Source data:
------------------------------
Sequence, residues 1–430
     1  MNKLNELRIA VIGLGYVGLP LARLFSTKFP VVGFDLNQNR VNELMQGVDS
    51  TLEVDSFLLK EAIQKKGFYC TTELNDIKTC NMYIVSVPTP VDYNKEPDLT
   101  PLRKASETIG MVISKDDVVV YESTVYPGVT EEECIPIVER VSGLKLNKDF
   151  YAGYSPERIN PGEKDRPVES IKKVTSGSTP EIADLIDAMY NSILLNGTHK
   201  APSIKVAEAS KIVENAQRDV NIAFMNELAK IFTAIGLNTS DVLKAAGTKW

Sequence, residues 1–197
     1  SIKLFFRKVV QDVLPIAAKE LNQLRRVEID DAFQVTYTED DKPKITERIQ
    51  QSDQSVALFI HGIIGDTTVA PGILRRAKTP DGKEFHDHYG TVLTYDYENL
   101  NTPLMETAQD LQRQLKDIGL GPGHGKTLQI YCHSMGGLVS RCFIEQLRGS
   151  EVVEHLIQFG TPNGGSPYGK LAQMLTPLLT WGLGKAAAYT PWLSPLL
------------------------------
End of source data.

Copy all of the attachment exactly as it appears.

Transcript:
Sequence, residues 1–430
     1  MNKLNELRIA VIGLGYVGLP LARLFSTKFP VVGFDLNQNR VNELMQGVDS
    51  TLEVDSFLLK EAIQKKGFYC TTELNDIKTC NMYIVSVPTP VDYNKEPDLT
   101  PLRKASETIG MVISKDDVVV YESTVYPGVT EEECIPIVER VSGLKLNKDF
   151  YAGYSPERIN PGEKDRPVES IKKVTSGSTP EIADLIDAMY NSILLNGTHK
   201  APSIKVAEAS KIVENAQRDV NIAFMNELAK IFTAIGLNTS DVLKAAGTKW

Sequence, residues 1–197
     1  SIKLFFRKVV QDVLPIAAKE LNQLRRVEID DAFQVTYTED DKPKITERIQ
    51  QSDQSVALFI HGIIGDTTVA PGILRRAKTP DGKEFHDHYG TVLTYDYENL
   101  NTPLMETAQD LQRQLKDIGL GPGHGKTLQI YCHSMGGLVS RCFIEQLRGS
   151  EVVEHLIQFG TPNGGSPYGK LAQMLTPLLT WGLGKAAAYT PWLSPLL